Referee Sarah Thomas Will Make Super Bowl History – But She’s Part of a Trend

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NFL official Sarah Thomas is set to become the first woman to officiate in a Super Bowl. "When you start having more and more and more females, no one's doing it for the recognition. They are doing it because they love it."

Sunday, the Super Bowl will offer up history when the Kansas City Chiefs play the Tampa Bay Buccaneers in Tampa.

That alone is historic. It’s the first time a team has played a Super Bowl in its home stadium.

Another groundbreaking moment happens when Sarah Thomas takes the field in her black and white striped jersey. She’ll be the first female official to work the NFL’s biggest game.

It’s history, but also part of a trend with more women officiating at the top levels of men’s sports.

Historic pairing

A couple of Mondays ago, the Orlando Magic hosted the Charlotte Hornets in an NBA game with the usual three officials. But two were women. For the first time ever.

“It’s cool to be running up and down the court and make that eye contact we make as partners on the floor,” said referee Natalie Sago, “and it’s like, oh, there’s Jenna! There’s another female out here with me, which is really fun and neat.”

Sago and Jenna Schroeder worked the game in Orlando. It was historic but not completely foreign to Sago, now in her third year reffing NBA games. She says during her days in the NBA’s minors, the G League, is wasn’t uncommon to be part of an all-female officiating crew.

The NBA isn’t there yet. But currently there are five full-time female refs, the most ever.

And it’s a crowd compared to when Lauren Holtkamp-Sterling started officiating seven years ago. She’s the senior member of the current group. Early in her career, she was the league’s only female official, and trying to play it down.

“When I first started out,” Holtkamp-Sterling said, “I really had a strong wish that I could just transcend gender. And that it would be all about the work. Just always about the work.”

But try as she might, gender did emerge during her rookie season.

This might not be for her

In 2015, Holtkamp-Sterling was working a game when she called a technical foul on all-star guard Chris Paul.

Afterwards, Paul said Holtkamp-Sterling reacted too strongly to what he had said.

“We try to get the ball [in play] fast every time down the court,” Paul explained to reporters, “and when we did that [Holtkamp-Sterling] said ‘uh uh’ and I said ‘why uh uh?’ and she gave me [a technical]. That’s ridiculous. If that’s the case, then this might not be for her.”

This might not be for her.

The words caused a minor scandal. Paul was labelled a sexist – his player’s union called that utterly ridiculous. The controversy did unleash a storm of social media reactions, including sexist comments about Holtkamp-Sterling. The referees union defended her by saying, “she belongs.”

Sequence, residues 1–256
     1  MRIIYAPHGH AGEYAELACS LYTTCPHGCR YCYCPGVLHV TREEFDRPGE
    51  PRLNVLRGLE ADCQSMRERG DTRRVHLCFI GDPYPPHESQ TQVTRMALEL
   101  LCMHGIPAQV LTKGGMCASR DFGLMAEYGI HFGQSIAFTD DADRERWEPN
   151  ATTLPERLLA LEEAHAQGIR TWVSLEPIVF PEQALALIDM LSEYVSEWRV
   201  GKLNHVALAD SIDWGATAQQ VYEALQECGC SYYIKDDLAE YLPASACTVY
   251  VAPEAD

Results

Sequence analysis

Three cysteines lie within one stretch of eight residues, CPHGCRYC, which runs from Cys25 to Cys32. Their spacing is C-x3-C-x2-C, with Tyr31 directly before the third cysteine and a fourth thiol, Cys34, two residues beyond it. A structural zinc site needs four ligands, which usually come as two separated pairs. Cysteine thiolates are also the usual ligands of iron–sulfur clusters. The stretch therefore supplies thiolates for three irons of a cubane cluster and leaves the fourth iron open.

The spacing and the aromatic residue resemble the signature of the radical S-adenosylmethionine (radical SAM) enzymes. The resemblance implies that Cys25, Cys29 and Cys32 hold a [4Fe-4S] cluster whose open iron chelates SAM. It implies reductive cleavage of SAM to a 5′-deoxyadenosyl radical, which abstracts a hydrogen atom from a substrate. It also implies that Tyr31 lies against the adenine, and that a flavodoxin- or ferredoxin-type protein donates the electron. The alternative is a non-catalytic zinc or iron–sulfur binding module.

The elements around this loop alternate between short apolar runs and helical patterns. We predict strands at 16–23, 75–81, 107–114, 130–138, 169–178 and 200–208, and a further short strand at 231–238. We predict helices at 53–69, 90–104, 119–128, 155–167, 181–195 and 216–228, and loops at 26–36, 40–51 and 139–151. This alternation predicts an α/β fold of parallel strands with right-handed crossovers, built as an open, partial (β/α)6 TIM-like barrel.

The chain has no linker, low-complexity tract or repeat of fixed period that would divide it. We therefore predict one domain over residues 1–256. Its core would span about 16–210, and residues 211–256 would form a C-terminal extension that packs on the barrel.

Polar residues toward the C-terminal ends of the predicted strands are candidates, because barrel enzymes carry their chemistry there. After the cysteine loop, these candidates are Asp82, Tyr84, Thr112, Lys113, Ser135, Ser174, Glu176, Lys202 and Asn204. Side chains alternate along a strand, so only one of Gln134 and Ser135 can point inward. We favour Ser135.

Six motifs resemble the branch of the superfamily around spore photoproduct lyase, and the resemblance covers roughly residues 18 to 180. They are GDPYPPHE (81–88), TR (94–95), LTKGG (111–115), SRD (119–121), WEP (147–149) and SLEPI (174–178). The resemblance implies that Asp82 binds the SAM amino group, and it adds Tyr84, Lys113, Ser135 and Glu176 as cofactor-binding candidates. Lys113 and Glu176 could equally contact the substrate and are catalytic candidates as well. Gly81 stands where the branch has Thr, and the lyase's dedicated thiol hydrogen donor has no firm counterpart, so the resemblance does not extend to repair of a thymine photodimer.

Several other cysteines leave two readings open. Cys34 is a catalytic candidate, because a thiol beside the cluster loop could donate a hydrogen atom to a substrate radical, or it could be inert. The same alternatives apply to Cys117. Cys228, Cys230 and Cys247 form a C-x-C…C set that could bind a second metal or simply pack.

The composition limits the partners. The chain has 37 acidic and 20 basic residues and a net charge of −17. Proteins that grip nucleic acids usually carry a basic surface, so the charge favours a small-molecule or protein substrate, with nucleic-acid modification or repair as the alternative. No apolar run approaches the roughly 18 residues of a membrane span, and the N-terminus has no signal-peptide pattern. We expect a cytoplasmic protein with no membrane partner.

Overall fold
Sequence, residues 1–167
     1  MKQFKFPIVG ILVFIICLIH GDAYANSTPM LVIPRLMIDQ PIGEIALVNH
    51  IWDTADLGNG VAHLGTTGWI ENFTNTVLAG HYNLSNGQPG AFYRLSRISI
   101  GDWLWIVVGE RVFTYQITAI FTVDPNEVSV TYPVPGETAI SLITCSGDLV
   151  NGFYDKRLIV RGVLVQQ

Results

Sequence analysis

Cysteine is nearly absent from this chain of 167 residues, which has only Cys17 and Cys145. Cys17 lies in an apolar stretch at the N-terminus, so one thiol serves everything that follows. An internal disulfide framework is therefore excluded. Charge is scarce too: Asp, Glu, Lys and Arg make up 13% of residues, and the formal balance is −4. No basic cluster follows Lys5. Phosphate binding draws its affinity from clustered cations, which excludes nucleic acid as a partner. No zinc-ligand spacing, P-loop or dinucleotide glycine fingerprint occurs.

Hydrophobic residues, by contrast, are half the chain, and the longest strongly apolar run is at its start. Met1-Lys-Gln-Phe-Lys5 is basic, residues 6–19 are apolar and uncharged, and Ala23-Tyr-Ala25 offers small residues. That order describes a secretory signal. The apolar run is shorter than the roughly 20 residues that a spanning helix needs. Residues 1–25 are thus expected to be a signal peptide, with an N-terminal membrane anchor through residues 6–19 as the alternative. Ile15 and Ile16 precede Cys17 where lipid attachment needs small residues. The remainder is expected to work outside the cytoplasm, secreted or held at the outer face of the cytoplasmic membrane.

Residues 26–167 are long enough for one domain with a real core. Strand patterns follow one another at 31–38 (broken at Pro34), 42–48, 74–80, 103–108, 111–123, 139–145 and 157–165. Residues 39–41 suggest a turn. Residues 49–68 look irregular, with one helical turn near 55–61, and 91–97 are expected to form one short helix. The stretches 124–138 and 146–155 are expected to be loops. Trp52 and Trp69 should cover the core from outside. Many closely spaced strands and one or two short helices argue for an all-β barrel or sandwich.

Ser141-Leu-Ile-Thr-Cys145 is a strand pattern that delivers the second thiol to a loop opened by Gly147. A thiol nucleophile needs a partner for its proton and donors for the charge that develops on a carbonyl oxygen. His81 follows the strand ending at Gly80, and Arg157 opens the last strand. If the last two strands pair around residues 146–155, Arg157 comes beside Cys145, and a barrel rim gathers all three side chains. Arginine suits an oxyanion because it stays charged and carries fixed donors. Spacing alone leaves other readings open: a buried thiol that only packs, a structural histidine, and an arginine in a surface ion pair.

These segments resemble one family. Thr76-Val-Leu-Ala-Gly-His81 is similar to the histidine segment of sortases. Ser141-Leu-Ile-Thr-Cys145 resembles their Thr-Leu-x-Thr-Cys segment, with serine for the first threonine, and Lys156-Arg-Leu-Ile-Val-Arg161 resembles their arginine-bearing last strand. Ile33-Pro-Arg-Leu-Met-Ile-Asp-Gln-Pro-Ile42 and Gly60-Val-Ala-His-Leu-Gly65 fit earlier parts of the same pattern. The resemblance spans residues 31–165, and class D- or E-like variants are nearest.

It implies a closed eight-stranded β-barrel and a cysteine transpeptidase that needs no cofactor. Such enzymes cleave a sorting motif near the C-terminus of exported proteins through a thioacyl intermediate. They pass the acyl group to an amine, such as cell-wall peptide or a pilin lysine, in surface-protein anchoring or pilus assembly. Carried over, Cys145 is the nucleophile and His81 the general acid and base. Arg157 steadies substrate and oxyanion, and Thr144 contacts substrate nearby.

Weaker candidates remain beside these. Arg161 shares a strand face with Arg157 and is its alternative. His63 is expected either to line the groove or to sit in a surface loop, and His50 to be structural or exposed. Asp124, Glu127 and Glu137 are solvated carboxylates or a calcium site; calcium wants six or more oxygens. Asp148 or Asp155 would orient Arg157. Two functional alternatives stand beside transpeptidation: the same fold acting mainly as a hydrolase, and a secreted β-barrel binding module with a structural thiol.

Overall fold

It was, she says, part of the “trial and error” of learning how to navigate the hyper-masculine environment of the NBA, as a female authority figure. Something all female officials have to do.

Sago says laying down the law with a bunch of alpha male athletes hasn’t been as hard as some might think.

“Social media sometimes gives [players] a bad rap,” Sago said, “but honestly night in and night out they are good to all of us. Just because they’re 7’1 and 7’3 and big guys, the perception may be that [they’re hard to handle], but it’s not there. I’m not intimidated at all by these guys.”

No need to blend in anymore

There’s power in numbers too, finally, for female officials. Holtkamp-Sterling, who’s married to fellow NBA ref Jonathan Sterling, says being five strong has changed the attitude she had earlier in her career.

“Particularly as I’ve seen Natalie and Jenna and Ashley [Moyer-Gleich] and Simone [Jelks] be hired,” Holtkamp-Sterling said, “and I realize how powerful it is to be able to see myself reflected in them, when I see them work, and hopefully vice versa. I don’t wish to blend in anymore and I don’t think it’s necessary to.”

Also not blending in – Kathryn Nesbitt. Last December, in soccer’s MLS Cup, she became the first woman to referee a championship match in North American men’s professional sports.

And then of course, Sunday. Sarah Thomas will be part of a seven-person on-field team officiating the Super Bowl. Thomas started her NFL career as a Line Judge, but on the back of her jersey now, “DJ” stands for Down Judge. It’s a different position and a relatively new title with an interesting gender-based history of its own.

Several years ago, Al Riveron, who was the NFL’s senior director of officiating and a former NFL referee, noticed a woman…not Sarah Thomas…in the league’s officiating development program. On her jersey, the letters “HL” were for the long-standing position of Head Linesman. As in Head Linesman.

“I just don’t think it’s right that we call anybody out by gender,” Riveron said in a 2017 interview with SB Nation. “Especially in this day and age when we welcome everyone into football.”

So he started a process that ended with a position name change to the gender-neutral Down Judge.

And Sarah Thomas is about to be the most talked about Down Judge in Super Bowl history. She will be on a global stage, understanding she’s a first. But increasingly, not alone.

“When you start having more and more and more females,” Thomas said in a recent NFL interview, “no one’s doing it for the recognition. They are doing it because they love it.”

Thomas says it wasn’t necessarily a goal to work a Super Bowl. The goal was to be number one at her position.

Another glass ceiling broken. Another door opened.

And at the root of it, as with all the female officials finding their footing in male-dominated sports, is an intense desire to simply call a great game.

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